In denying the reimbursement request, the NPFC ultimately concluded that acts occurring with a commercial fuel delivery, even where a chain of agents or contracts stands between the party delivering the fuel and the party receiving the fuel, can be construed as a contractual relationship. Further, direct privity of contract between Torm and Buffalo Marine for the purchase of fuel was not necessary to determine that there was a contractual relationship sufficient to prevent the parties from availing themselves of the OPA limitation provision.
In this case, the Fifth Circuit was asked to determine if the NPFC’s interpretation of the “contractual relationship” phrase was based on a permissible construction of the OPA statute. The Fifth Circuit agreed with the NPFC’s interpretation for several reasons. First, the lack of a contract the parties does not preclude them from having a contractual relationship. Second, the statute specifies that the third party defense does not apply where the third party’s act or omission occurred in connection with any contractual relationship with the responsible party. The term “any” must encompass all varieties of contractual relationship, including those that indirectly involve two parties. Further, the Court took note of CERCLA’s third party defense provision, which is nearly identical to the OPA defense. CERCLA’s provisions apply to both direct and indirect contractual relationships .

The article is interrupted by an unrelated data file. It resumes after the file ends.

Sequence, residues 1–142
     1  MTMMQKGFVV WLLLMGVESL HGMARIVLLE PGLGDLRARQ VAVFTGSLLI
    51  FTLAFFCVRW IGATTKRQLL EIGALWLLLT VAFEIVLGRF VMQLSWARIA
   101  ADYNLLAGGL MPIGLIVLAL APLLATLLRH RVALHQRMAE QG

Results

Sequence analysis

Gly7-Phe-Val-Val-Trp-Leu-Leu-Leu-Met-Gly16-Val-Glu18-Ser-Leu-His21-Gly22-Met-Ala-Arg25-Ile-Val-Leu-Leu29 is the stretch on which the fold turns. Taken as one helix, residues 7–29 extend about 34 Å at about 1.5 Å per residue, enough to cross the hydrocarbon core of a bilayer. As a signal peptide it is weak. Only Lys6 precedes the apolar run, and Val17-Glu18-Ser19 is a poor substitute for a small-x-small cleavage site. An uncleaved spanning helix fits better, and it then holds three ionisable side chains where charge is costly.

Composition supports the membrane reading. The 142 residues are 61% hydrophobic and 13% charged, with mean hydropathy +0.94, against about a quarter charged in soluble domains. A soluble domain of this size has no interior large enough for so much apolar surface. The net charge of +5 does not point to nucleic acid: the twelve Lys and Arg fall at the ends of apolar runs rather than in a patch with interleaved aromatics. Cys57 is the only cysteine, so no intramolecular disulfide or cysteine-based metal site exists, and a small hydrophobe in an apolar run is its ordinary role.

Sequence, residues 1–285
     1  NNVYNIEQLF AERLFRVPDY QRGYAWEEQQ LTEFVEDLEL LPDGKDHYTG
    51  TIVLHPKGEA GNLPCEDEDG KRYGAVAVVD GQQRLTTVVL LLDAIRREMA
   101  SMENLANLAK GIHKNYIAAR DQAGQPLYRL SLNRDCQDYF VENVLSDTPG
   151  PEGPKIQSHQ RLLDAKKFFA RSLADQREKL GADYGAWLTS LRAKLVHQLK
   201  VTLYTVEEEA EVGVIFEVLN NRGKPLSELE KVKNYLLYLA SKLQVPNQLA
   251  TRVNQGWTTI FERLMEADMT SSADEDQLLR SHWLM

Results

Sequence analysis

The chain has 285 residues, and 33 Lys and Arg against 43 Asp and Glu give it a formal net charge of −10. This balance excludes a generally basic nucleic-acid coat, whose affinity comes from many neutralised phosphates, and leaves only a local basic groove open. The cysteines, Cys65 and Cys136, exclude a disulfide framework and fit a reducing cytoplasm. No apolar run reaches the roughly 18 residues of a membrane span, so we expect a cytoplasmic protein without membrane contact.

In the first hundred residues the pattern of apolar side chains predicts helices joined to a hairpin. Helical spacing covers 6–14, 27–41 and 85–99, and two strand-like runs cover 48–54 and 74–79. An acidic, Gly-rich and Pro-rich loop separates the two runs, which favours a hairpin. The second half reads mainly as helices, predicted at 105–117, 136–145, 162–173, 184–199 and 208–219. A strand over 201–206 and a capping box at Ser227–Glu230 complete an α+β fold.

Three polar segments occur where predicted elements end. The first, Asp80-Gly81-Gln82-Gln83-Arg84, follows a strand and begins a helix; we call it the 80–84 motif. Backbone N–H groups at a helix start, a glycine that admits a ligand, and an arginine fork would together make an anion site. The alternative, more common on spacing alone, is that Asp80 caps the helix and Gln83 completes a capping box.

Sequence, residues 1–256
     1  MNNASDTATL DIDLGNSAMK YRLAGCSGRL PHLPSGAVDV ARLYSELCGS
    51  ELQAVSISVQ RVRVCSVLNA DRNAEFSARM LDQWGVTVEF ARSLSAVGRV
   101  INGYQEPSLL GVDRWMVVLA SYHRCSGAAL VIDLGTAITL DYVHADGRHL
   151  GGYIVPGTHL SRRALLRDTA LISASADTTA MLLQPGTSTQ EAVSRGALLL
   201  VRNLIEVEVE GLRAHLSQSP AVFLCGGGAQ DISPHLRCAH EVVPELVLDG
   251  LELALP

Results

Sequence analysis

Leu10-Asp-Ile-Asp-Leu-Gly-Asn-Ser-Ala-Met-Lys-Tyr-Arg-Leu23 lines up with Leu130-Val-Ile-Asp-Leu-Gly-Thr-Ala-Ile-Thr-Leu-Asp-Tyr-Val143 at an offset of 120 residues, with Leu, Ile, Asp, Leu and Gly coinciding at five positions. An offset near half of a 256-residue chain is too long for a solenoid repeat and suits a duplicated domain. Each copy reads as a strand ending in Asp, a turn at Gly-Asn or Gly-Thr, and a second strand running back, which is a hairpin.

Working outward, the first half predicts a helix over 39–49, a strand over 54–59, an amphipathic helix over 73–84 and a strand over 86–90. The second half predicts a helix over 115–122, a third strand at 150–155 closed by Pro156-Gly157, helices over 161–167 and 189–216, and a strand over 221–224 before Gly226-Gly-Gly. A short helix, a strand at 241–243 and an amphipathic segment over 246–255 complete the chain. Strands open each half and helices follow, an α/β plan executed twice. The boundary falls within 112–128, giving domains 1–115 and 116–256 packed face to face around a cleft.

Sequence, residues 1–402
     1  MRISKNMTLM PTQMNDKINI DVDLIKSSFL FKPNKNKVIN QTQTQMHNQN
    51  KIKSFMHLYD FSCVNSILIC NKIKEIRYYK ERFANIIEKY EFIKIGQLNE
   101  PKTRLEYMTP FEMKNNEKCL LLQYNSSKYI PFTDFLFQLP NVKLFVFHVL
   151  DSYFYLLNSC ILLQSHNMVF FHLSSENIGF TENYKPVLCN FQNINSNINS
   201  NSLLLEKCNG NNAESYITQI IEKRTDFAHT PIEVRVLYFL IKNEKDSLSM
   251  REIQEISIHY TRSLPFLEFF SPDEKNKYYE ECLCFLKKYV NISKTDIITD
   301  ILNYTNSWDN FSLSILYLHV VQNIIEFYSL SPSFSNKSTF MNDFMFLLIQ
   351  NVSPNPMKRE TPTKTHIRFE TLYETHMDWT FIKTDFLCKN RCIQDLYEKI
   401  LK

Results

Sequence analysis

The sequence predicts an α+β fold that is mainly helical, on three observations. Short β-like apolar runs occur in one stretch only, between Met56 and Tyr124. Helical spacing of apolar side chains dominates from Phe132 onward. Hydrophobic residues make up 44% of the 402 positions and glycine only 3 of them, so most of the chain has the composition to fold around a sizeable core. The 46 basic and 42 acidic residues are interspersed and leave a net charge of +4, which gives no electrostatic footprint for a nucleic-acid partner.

Third, the Court found nothing in the legislative history of OPA to indicate that the restriction on the limitation would only apply to situations where there is a direct contractual relationship. Finally, the Court explained that allowing responsible parties to escape liability even when the third party’s act was in connection with an indirect contractual relationship would allow them in cases such as this to avoid liability by the simply inserting an extra link or two in the chain of distribution.